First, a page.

Children from low-income neighbourhoods and who spend more time in front of a television are more likely to consume sugary soda and juice, finds study.
Researchers from the University of Alberta's faculties of Physical Education and Recreation, School of Public Health and Medicine and Dentistry surveyed parents to assess the dietary habits of 1,800 preschoolers in the Edmonton region as part of a larger study on diet, physical activity and obesity.
Researchers found that 54.5 per cent of four- and five-year-olds from poorer neighbourhoods drank at least one soda per week-far more than the 40.8 per cent of kids from higher socio-economic backgrounds.
Preschoolers from low-income areas also drank less milk and consumed more fruit juice, which, like soda, is linked to rising sugar intake associated with childhood obesity.
Researchers found similar drinking habits among preschoolers who spent more than two hours of "screen time" per day-watching TV or playing video games. Kids from poorer neighbourhoods sat in front of screens more often, and drank larger volumes of sweetened beverages.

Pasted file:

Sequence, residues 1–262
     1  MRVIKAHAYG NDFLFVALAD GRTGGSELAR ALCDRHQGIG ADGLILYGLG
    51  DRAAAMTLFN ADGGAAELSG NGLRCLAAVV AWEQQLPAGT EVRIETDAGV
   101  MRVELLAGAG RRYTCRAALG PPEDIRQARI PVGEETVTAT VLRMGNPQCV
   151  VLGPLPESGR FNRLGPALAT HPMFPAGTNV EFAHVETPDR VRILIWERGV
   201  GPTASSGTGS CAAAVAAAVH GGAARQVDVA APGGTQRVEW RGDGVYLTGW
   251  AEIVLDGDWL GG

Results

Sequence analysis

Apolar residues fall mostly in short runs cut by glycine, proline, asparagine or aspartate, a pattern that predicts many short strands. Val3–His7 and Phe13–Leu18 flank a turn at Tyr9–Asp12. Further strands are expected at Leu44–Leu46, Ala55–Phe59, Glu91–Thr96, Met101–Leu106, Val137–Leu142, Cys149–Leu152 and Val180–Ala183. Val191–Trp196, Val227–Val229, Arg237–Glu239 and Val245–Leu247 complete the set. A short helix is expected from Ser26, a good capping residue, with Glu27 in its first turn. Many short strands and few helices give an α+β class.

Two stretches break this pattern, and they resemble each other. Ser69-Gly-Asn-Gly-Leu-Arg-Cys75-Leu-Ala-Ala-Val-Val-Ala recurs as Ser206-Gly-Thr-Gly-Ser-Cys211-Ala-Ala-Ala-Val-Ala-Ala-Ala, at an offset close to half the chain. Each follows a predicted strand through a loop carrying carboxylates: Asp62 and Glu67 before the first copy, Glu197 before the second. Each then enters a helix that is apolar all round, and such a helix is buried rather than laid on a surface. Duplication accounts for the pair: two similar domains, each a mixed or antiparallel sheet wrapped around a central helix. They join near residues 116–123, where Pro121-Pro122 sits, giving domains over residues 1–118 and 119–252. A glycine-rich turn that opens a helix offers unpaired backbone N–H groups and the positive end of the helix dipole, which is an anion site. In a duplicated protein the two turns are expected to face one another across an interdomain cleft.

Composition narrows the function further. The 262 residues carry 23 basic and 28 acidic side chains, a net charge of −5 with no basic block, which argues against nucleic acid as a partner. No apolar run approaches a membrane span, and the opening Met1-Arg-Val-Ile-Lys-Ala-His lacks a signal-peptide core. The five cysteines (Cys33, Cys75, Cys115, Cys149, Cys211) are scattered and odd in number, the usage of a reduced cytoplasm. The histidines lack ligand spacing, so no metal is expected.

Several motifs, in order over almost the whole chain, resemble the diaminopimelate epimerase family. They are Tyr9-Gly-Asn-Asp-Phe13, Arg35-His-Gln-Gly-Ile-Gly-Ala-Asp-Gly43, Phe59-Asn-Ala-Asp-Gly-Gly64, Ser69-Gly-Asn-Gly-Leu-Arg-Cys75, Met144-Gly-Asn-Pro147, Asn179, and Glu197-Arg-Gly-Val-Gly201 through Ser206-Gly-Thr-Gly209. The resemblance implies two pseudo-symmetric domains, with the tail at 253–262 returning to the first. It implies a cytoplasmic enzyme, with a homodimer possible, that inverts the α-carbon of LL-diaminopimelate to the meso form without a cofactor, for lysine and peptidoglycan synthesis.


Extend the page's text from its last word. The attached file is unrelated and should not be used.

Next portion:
"Dietary behaviour and intake patterns are influenced heavily by what happens in the first few years with children, and they maintain those patterns throughout childhood and into adolescence," said study co-author John C. Spence, associate dean of research in the Faculty of Physical Education and Recreation.
A companion study involving the same group of preschoolers also looked at the types of foods they ate and whether they followed recommendations in Canada's Food Guide.
Researchers found that just 30 per cent of children ate enough fruits and vegetables, and 23.5 per cent consumed the recommended amount of servings of grain products.
As with sweetened beverages, children from low- and medium-income neighbourhoods were more likely than kids in high-income areas to eat foods like potato chips, fries, candies and chocolate.
Those results presented an "alarming pattern," said Spence, who suggested it is possible families are choosing high-calorie foods because they are cheap and convenient.
Children who attended daycare or kindergarten were significantly less likely to reach for junk.
This indicates how education can make a difference and lead to healthier eating habits, regardless of what's happening at home, noted study co-author Kate Storey, a registered dietitian and assistant professor in the School of Public Health illustrate.